In the video, the killer spends more than two minutes inside the mosque spraying terrified worshippers with gunfire. He then walks outside, where he shoots at people on the sidewalk. Children's screams can be heard in the distance as he returns to his car to get another rifle. He walks back into the mosque, where there are at least two dozen people lying on the ground.
After going back outside and shooting a woman there, he gets back in his car, where a song can be heard blasting. The singer bellows, "I am the god of hellfire!" and the gunman drives off before police even arrive.
The second attack took place at the Linwood mosque about 5 kilometers (3 miles) away. Mark Nichols told the New Zealand Herald that he heard about five gunshots and that a worshipper returned fire with a rifle or shotgun.
The footage showed the killer was carrying a shotgun and two fully automatic military assault rifles, with an extra magazine taped to one of the weapons so that he could reload quickly. He also had more assault weapons in the trunk of his car, along with what appeared to be explosives.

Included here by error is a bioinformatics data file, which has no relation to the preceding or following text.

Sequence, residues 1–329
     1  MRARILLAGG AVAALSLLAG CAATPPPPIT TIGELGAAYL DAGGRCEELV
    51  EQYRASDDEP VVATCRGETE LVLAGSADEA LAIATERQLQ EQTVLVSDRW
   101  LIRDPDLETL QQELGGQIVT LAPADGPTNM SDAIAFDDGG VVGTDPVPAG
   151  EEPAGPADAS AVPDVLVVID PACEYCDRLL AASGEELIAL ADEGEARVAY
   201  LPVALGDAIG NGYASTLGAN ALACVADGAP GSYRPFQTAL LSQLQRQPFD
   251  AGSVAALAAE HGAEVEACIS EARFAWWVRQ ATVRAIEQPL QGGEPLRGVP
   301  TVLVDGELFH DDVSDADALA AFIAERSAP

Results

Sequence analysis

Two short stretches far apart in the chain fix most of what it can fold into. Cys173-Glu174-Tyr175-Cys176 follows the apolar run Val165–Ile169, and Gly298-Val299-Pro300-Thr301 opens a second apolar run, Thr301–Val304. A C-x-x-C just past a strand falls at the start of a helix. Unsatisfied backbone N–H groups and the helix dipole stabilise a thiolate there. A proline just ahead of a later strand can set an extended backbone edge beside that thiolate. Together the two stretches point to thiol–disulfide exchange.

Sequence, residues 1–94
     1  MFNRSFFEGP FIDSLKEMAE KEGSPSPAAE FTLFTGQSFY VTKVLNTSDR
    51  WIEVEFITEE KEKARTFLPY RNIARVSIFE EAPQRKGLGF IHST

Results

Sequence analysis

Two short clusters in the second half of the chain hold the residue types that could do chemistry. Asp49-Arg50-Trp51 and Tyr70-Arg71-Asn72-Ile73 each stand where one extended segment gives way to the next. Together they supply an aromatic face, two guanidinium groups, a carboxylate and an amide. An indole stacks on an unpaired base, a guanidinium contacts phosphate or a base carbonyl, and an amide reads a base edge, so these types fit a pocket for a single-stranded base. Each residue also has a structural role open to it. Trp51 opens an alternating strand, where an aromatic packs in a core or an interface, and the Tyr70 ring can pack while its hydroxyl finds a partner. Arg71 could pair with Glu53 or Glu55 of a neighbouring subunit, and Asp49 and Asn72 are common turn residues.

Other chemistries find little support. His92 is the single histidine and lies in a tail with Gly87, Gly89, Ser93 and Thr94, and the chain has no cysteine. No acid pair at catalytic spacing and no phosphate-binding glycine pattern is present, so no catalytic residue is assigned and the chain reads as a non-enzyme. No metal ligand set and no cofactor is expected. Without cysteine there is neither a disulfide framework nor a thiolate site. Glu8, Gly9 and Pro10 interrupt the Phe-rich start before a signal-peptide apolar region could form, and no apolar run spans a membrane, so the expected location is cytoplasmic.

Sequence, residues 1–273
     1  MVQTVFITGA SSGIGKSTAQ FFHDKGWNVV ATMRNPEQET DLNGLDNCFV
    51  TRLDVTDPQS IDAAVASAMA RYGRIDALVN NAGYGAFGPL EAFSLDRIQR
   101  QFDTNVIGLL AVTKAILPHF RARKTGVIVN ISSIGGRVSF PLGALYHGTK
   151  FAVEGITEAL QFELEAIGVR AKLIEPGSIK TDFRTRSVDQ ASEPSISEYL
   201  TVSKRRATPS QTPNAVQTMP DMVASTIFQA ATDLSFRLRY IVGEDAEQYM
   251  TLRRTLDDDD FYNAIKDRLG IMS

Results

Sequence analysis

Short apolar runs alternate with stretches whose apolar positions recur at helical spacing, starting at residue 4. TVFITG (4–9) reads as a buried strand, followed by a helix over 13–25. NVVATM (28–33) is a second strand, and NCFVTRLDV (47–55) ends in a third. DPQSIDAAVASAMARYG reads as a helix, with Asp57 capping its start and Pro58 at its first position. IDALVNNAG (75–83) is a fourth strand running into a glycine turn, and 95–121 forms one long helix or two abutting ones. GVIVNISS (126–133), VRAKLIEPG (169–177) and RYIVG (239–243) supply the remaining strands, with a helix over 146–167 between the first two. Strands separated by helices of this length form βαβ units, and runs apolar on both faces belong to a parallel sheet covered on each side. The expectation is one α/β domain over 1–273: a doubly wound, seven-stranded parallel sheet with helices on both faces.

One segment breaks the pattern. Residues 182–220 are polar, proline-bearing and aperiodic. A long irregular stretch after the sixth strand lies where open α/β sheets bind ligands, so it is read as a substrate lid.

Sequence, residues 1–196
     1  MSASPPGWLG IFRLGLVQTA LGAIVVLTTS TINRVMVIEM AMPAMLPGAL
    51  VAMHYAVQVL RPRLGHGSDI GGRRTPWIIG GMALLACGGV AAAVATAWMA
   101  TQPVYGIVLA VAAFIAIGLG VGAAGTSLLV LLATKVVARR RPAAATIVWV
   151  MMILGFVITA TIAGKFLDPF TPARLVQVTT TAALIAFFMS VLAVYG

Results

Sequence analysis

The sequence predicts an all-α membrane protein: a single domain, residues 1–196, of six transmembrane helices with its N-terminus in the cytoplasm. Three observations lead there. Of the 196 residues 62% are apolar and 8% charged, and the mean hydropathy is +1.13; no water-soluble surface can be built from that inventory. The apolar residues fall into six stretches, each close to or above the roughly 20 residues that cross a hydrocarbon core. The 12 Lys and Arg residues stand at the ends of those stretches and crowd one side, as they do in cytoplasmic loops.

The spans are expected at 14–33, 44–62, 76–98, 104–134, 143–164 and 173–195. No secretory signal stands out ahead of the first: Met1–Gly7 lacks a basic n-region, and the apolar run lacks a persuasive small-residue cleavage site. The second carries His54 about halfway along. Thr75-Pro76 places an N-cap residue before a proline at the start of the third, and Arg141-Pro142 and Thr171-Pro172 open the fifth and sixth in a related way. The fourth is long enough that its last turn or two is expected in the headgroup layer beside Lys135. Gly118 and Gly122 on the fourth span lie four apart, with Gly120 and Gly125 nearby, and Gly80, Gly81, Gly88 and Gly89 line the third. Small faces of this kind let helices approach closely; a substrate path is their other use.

His manifesto was a welter of often politically contradictory views, touching on many of the most combustible issues of the day, among them the Second Amendment right to own guns, Muslim immigration, terrorist attacks and the wealthiest 1 percent.
He portrayed himself as a racist and a fascist and raged against non-Westerners, but said China is the nation that most aligns with his political and social values.
The gunman said he was not a member of any organization, acted alone and chose New Zealand to show that even the most remote parts of the world are not free of "mass immigration."
Last year, New Zealand's prime minister announced that the country would boost its annual refugee quota from 1,000 to 1,500 in 2020. Ardern, whose party campaigned on a promise to take in more refugees, called it "the right thing to do."